Leading off with axioms of proper behavior that hail from the maxims most humans learn from our earliest days: 1) Don't hit, 2) Don't steal, 3) Don't lie. Let us respect, even 'worship,' these ideas as adults.

The simple nonaggression principle holds no human being-or organization of human beings-shall initiate the use of force against others. The simple NaP becomes 'sacred' when regarded as the highest moral principle in society.

The above definition of aggression is fairly conventional in libertarian circles, and banning "the initiation of physical force" uses phrasing from the nonfictional writings of Ayn Rand and her supporters. It's very precise wording that leaves little room for misunderstanding as to what aggression is or is not.

Let's Pretend We're Five-Year Olds

Remember in the Tom Hanks movie Philadelphia, the attorney character played by Denzel Washington. He is investigating the conduct of Hanks' company, the nature of the AIDS disease, and applicable law. When Denzel thinks some authority in these matters is being obtuse or trying to snow him, he says "Hey, pretend I'm a five-year old." In other words, don't beat around the bush, give me the facts in plain English a child can understand. Conveniently, the basic idea I'm trying to convince you of is something most of us learned when we were five years old.

Kindergarten Rules

What is aggression? I've found that the best starting point comes from a marvelous book by a Mr. Robert Fulghum called, All I Really Need To Know I Learned in Kindergarten. The book is a collection of some of his life experiences, from which he usually distills a moral.

In the particular short story that lends the book its title, Fulghum concludes that kindergarten mainly taught him the following moral:

The Rules

  • Don't hit
  • Don't steal
  • Don't lie

As I recall, "Don't lie" was formulated as "Keep your promises," but you get the message. Sure, there are several related lessons Fulghum remembers from kindergarten-such as cleaning up your mess, putting things back where you find them, washing your hands, flushing, etc. But these simple Kindergarten Rules have been popularized among journalists and pundits as the common-sense way to get along in society.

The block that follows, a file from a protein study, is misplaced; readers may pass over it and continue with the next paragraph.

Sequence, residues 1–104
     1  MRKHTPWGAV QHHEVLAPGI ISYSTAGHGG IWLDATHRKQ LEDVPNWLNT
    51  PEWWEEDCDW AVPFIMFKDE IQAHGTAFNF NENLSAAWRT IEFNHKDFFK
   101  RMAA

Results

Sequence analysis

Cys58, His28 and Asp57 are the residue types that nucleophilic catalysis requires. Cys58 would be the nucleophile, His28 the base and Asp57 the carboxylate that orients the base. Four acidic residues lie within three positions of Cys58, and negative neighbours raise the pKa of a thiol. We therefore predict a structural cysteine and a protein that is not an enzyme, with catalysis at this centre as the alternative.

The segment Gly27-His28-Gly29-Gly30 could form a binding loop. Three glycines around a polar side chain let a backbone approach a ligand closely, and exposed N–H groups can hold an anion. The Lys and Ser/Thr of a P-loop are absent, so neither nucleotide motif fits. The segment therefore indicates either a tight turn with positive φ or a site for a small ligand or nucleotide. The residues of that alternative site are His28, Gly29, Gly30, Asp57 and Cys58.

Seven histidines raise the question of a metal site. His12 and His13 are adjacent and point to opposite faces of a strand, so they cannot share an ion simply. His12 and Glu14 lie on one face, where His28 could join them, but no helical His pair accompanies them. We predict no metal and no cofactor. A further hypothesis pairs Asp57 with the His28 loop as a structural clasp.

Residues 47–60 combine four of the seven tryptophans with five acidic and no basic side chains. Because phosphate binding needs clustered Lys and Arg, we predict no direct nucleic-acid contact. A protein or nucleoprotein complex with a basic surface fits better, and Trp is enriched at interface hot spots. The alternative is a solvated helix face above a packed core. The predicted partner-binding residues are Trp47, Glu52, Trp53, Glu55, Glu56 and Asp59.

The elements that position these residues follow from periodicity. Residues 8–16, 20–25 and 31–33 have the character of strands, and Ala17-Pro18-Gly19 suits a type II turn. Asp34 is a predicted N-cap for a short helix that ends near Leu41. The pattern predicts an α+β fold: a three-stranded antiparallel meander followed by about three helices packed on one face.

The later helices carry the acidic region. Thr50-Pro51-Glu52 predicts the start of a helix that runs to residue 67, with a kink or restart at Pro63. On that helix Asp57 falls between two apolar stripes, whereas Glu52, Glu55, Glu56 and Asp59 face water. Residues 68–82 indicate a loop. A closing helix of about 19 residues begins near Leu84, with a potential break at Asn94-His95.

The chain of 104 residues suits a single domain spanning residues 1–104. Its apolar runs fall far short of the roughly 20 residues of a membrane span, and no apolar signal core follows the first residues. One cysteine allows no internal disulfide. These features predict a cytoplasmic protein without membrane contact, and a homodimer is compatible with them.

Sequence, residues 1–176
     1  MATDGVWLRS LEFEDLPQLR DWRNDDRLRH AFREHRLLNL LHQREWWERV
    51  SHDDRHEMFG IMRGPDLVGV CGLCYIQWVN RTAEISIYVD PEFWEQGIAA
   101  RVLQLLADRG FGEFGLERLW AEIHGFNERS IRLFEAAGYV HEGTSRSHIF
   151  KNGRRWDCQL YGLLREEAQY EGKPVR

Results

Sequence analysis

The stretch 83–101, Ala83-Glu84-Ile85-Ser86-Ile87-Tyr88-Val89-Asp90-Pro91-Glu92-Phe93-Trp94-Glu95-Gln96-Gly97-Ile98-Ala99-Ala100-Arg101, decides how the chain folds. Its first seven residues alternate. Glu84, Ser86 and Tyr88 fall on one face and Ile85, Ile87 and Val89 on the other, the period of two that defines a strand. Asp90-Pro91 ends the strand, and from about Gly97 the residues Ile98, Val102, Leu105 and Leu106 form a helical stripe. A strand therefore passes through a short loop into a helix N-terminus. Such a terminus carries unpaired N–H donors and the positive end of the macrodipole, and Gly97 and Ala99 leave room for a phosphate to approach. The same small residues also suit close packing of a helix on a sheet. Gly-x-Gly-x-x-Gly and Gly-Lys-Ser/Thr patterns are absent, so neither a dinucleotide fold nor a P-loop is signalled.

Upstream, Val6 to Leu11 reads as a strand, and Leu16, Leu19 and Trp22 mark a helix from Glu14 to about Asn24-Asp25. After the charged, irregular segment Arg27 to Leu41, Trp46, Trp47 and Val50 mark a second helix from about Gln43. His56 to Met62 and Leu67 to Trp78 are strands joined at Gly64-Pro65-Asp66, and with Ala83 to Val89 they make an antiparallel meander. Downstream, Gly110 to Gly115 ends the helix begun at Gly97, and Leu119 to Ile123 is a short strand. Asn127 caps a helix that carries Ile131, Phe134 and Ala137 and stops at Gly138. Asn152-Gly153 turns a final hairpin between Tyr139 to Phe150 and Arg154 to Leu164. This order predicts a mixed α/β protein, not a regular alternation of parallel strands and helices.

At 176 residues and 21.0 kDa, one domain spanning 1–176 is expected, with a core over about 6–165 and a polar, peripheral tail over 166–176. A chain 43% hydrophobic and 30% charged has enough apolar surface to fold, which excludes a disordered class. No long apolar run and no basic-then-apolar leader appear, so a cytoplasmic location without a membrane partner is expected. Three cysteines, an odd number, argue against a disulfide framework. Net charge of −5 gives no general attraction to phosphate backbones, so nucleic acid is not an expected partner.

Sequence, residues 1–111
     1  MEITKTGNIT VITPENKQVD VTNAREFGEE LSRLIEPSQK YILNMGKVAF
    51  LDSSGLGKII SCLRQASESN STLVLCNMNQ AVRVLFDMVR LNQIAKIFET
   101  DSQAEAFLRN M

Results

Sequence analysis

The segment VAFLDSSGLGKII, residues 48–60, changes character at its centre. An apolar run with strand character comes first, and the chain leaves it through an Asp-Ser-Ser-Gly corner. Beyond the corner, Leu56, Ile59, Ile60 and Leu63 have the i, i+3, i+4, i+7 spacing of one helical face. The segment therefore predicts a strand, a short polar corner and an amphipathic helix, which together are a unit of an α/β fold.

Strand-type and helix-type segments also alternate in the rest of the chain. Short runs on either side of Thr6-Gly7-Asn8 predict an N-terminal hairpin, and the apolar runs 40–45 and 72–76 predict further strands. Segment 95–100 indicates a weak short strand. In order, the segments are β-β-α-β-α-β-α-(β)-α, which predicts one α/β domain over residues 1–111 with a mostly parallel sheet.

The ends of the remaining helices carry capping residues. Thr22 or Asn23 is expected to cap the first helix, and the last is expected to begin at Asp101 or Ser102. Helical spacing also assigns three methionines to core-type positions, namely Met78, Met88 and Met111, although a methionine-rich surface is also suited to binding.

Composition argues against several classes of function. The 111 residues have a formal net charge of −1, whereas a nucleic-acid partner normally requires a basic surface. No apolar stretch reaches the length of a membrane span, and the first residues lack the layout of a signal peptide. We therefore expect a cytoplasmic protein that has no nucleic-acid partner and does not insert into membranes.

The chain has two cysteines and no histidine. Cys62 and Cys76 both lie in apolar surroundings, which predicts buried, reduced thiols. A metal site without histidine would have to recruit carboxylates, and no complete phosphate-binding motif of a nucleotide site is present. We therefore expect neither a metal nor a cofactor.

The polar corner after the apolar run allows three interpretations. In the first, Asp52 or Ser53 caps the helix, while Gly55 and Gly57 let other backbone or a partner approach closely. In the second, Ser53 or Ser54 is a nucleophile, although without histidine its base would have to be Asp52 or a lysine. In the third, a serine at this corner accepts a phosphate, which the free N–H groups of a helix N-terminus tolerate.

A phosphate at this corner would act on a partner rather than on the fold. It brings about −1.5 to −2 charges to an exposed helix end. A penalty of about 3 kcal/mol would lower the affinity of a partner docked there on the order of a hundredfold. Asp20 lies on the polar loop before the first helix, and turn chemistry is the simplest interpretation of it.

Times have changed and I have no idea if the Kindergarten Rules are still stressed, especially in the government schools. There, for all I know the average teacher dispenses prescribed doses of Ritalin and Valium, then when the children calm down, heads to the teachers' lounge for a Prozac cocktail.

So where did "the Rules" come from, and what makes them so special? I write from an American context, and my possibly parochial judgment is that the Kindergarten Rules are a distillation, for children, of the fundamental truths embedded in the country's founding: the Inalienable Rights of Man and equality before the law.

In other words, because it is right for every individual to take action required for life and happiness, let no one else-especially the state-wrong the individual by forcibly interfering with those actions. by aggressing upon or coercing the individual. In a child's world aggression or coercion are primally seen as "hitting, stealing, or lying."

Moral Tenets

Religious and secular-philosophic foundations also exist for ingraining the Rules in kids' minds. The Abrahamic religions-Judaism, Christianity, and Islam-all have injunctions against stealing. whether the object of theft is a golden chalice, a shekel, or carnal knowledge of someone else's wife. [They also proscribe killing, unless God gives you the green light.]

All great systems of moral thought require as a minimum that you follow the Golden Rule (at least among your own people). Accordingly, the formal, enforceable rules of conduct-i.e., laws-in every civil society are based on each individual (well, okay, males) at least being able to keep his stuff from being ripped off by the force or fraud of other individuals. Then-as we proceed thru the Enlightenment's concept of liberty-monarchs, oligarchs, and governments are also restricted from taking your things or infringing on the peaceful being of you.